The memory standard on middle-aged PCs (486s and early Pentiums) is the SIMM. The edge connector on a SIMM has either 30 pins or 72 pins. A SIMM's memory capacity ranges from 1MB to 16MB in either a one-sided or two-sided style, with chips soldered to one or two sides of the board. Because the Pentium processor uses a 64-bit path to memory, 32-bit SIMMs must be installed in pairs.
DIMM is the memory standard on most newer and larger PCs. Because its 64-bit memory matches the 64-bit data path of the Pentium processor, you only need to install one DIMM at a time. In comparison to the SIMM, a DIMM has 168 contact pins as opposed to the 30 and 72 pins of the SIMM.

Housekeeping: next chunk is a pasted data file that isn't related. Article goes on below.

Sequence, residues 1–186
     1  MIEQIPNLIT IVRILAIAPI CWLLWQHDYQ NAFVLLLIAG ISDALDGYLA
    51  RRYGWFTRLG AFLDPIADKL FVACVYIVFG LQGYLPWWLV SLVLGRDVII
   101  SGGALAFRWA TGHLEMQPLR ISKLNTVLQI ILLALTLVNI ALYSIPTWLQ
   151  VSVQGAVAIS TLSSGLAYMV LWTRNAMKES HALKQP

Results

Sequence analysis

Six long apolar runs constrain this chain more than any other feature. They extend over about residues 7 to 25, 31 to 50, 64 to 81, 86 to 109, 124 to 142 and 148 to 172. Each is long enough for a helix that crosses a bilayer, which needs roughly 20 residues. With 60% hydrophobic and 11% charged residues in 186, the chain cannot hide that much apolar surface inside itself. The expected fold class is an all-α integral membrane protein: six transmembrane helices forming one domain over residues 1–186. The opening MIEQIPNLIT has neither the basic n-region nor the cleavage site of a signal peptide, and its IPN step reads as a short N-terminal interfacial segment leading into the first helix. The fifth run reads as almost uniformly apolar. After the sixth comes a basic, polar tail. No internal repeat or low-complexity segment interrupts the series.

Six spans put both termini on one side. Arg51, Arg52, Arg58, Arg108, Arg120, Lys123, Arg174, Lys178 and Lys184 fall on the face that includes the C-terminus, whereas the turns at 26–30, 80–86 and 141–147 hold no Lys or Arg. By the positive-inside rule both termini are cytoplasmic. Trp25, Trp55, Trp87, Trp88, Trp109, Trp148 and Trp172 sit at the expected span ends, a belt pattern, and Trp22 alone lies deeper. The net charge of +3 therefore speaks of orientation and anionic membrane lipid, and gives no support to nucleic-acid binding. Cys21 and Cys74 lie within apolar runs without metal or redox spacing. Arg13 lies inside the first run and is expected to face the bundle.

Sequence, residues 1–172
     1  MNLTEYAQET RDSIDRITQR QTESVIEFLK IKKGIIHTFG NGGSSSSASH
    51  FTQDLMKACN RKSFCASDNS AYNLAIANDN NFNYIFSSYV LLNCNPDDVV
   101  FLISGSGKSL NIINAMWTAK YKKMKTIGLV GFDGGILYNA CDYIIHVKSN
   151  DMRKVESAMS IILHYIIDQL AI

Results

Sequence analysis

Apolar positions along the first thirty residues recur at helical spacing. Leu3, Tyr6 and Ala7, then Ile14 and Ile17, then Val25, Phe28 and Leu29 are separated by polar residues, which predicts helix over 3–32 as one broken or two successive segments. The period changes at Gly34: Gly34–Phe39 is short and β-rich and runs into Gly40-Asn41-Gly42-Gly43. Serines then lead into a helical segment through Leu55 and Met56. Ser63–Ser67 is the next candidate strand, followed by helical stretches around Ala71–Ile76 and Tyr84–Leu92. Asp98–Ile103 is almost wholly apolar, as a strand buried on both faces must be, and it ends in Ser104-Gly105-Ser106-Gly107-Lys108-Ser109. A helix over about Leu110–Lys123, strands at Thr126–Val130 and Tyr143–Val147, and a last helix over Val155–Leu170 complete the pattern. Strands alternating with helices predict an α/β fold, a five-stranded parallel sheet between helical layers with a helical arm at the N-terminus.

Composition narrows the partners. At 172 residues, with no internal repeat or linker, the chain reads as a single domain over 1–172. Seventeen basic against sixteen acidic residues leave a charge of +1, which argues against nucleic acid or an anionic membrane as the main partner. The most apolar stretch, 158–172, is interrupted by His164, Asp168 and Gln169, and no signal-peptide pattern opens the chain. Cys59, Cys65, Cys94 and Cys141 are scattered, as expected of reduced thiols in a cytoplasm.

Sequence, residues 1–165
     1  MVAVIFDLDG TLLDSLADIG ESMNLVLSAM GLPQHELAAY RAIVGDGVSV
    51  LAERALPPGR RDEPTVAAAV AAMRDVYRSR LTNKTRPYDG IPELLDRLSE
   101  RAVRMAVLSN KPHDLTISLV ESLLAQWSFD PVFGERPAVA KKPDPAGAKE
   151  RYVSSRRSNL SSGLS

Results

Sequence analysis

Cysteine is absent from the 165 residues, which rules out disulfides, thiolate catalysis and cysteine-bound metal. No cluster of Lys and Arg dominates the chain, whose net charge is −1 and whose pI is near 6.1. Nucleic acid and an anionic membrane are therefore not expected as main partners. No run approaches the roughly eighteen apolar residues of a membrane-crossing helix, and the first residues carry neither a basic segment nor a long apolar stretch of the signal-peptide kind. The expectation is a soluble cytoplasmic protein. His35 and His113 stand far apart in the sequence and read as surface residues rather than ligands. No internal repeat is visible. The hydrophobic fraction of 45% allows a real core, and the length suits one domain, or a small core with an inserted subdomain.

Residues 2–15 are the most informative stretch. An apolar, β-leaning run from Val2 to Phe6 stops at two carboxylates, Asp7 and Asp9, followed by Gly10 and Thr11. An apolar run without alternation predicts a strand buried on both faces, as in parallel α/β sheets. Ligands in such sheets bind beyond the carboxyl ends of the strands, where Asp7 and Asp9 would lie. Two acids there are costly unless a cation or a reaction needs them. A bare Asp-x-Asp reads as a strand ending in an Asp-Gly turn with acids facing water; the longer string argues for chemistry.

A DIMM looks just like a SIMM, except that it is slightly larger, has memory chips on both sides, and has about twice as many contacts on its edge connector. See Section 1, 'Components for computer systems' for a photo of a DIMM and other memory.
DIMMs come in different voltages - 3.3V and 5.0V - and as buffered or unbuffered, which yields four possible combinations. A smaller version of the DIMM, the 100-pin Small Outline DIMM (SODIMM), which is used primarily in laptop computers, supports PC100 SDRAM. An even smaller DIMM package, the 144-pin MicroDIMM, which is used in sub-notebook portable computers, supports PC100 SDRAM.